The advent of social media brought on a firestorm of new outlets for internet users. Suddenly individuals were able to connect from all over the world with the click of a button on a single site, or several single sites as others began to pop up. After MySpace began gaining popularity in 2004, social media took off with other sites like Facebook, Twitter, Instagram, and SnapChat. It seems that every day a new social media is at our disposal, and even sites like Pinterest are allowing users to access social media features that were once not available on their sites. Essentially, social media is inescapable. While this feature has been wonderful for many, for others it has caused a headache. There have been many different issues with privacy, bullying, harassment, and other similar situations that have forced companies into enforcing social media policies. Not doing so has created dangerous situations for users in the past, and has forced many social media sites to launch their own polies outside of company-wide policies.
There are several reasons companies have social media policies when it comes to different social media platforms. According to, “Social Media? Get Serious! Understanding the Functional Building Blocks of Social Media,” companies primarily put policies in place for privacy and harassment protection . Companies have an obligation to their clientele to protect them and keep them from harm. It is also good for business if you can promise to some extent that you are working to keep client separate from anything harmful. Social media policies are not just for the user, however. “Professionalism in a Digital Age,” explains that having policies also protects the company from any blowback that might occur if users step outside the boundaries of the aforementioned policies . For example, if a company’s policy is to disallow users from posting nude photos of themselves on a particular social media site, but a user chooses to do so anyway, the photo may be copied and spread throughout the internet. Because the company’s policy stated this was against the rules, which the user agreed to, the user has then foregone any rights to hold the company responsible for what happens to the photo of their nude body. Fundamentally, many policies are in place to uphold safety, but also to enforce professionalism and keep situations fair.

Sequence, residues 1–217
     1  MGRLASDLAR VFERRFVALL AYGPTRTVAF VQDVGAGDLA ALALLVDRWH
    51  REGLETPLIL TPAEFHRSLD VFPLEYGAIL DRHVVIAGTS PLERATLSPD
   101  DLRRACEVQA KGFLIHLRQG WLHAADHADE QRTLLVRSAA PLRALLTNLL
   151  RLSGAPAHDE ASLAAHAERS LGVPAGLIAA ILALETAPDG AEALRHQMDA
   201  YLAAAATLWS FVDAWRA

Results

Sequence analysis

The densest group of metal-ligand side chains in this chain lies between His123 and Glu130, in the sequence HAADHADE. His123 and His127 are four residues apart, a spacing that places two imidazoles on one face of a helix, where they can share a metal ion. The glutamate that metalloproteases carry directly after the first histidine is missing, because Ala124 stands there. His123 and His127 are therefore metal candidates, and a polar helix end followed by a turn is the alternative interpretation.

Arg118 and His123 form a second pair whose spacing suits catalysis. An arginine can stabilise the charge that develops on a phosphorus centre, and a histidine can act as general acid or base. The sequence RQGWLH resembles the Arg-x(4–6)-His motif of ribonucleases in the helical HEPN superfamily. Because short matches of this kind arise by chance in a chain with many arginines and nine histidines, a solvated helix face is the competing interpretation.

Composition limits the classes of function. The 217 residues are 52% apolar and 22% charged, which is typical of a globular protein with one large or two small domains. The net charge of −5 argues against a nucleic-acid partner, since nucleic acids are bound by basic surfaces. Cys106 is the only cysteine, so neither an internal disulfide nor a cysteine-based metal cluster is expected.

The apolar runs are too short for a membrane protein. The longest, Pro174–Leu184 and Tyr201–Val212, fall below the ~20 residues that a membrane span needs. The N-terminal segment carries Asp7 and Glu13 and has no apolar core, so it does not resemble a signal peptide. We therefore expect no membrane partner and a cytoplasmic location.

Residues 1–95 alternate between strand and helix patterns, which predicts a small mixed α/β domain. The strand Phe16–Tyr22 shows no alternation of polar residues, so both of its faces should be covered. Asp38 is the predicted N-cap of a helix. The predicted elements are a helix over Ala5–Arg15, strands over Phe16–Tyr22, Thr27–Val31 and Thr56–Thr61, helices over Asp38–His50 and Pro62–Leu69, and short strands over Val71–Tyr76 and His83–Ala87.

Continuing with the protection of users and companies, there are several stipulations to social media policies. Bruce R. Lindsay documented in his report, for example, that it is perfectly acceptable for an individual to post photos of themselves, and of friends on social media websites, unless the photos show one or more of the individuals in compromising positions they did not express permission to being viewed in . This issue was seen most often in hospitals, surprisingly. It was typically an innocent gesture; nurses would post photos of themselves with patients they had grown close to, and begin sharing stories of the patient and their struggle. In many cases, especially concerning palliative care or oncology, the patient’s story is often the nurse’s story, and it can be difficult to decipher what is acceptable or even ethical to post on social media. Lines had to be drawn when several cases involving family members of patients grew upset and even began suing hospitals and social media sites because nurses were posting photos of patients as they were sleeping, in coma states, or in states of mind that were not autonomous . As a result, the stipulation that expressed permission of all parties must be given when posting about others on social media if somebody is involved in a compromising position. As of now, most hospitals do not allow medical staff to post photos of themselves while working, with patients, or near patients as part of the Medical Patients’ Rights Act, regarding the patient’s privacy . Other stipulations include that one cannot post nude photos of themselves, but also not of others. One cannot use social media to harm, threaten, or defame their company or other persons either . Bullying is also not tolerated on many social media sites.